One tunnel-mouth looks very much like another – see Trouble at t’summit, O, brave new world, The Flute, No light at the end of the tunnel, Great Central and Slow boat to Cromford – but the stories are different.
The 2,860-yard Summit Tunnel, which takes the Manchester & Leeds Railway through the watershed from the Roch to the Calder valleys was, at the time it opened (1841), the longest railway tunnel in the world.
It was the scene of a particularly spectacular railway accident, even though the derailment took place underground almost exactly a thousand yards from each portal.
On December 20th 1984, a southbound train of petrol tank wagons was derailed by a defective axle-bearing almost at the mid-point of the tunnel.
The three-man crew evacuated to raise the alarm at the nearest telephone outside the south portal. This meant walking or running along railway sleepers in the dark for something like three-quarters of a mile.
Under fire-service protection, they re-entered the tunnel, where the tankers were already ablaze, and with some difficulty detached the first three wagons which were still on the rails and drew them out of the tunnel.
The remaining ten wagons blazed on, and two of them melted. Vapour flew up two of the tunnel ventilation shafts at speeds estimated at 110mph, bursting into flames 150 feet high in the open air.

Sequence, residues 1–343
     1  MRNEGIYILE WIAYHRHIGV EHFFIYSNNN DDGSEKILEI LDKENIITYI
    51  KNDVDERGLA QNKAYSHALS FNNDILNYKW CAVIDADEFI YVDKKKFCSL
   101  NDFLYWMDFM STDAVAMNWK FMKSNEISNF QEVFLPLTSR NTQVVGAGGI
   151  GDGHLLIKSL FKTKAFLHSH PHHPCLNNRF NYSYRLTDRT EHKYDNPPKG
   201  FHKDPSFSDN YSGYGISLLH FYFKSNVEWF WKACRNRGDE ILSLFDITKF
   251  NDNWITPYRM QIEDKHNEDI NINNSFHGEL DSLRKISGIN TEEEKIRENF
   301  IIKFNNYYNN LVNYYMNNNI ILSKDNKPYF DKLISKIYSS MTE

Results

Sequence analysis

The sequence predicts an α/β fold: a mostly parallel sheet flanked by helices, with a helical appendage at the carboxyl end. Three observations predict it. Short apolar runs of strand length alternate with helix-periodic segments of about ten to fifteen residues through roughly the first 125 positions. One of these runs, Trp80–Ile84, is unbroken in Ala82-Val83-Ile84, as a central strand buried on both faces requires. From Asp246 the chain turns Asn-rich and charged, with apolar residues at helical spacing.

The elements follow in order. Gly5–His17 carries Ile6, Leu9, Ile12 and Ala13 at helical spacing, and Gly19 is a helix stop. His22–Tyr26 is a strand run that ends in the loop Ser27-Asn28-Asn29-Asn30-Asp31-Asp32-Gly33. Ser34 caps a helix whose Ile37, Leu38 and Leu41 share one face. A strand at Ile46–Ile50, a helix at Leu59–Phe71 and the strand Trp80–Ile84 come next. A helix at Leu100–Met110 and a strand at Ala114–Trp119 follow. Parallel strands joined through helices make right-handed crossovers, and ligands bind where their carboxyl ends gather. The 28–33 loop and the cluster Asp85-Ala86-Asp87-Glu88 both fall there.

Seventy local people were evacuated as a precaution, but no-one – train-crews, firefighters or members of the public – was injured in any way. It was a remarkable emergency operation.
The tunnel was too hot to enter until December 27th; the fire brigades eventually handed it back to British Rail on January 3rd. Train services through the tunnel resumed on August 19th 1985.
Alongside the bravery and expertise of the fire and police officers at the scene, the sang-froid of the railwaymen is impressive. They had to unhitch tankers full of petrol from other tankers well ablaze, reversing the diesel locomotive to push back and unhook the couplings. Then they drove out of the tunnel into the dark night.
The Department of Transport report [http://www.railwaysarchive.co.uk/documents/DoT_Summit1984.pdf] states that later the same night “after inspection this part of the train went forward to its destination”.
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